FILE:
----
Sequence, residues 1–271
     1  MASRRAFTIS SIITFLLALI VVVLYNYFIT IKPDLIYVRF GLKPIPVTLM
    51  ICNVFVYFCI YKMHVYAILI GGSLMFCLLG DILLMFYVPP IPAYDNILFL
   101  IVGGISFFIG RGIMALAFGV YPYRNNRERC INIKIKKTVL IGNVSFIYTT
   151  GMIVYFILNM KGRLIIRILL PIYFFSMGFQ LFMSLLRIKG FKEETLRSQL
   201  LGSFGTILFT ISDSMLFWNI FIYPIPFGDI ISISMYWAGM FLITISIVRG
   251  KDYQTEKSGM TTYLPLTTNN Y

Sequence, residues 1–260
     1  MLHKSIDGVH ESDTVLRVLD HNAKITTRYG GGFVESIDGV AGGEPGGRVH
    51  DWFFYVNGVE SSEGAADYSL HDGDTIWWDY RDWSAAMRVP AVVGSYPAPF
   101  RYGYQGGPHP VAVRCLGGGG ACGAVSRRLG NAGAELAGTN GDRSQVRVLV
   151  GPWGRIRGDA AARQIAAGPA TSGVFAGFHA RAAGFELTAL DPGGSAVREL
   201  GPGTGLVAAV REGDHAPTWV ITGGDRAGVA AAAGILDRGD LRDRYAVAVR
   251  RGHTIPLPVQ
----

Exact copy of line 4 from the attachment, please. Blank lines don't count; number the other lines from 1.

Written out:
   101  IVGGISFFIG RGIMALAFGV YPYRNNRERC INIKIKKTVL IGNVSFIYTT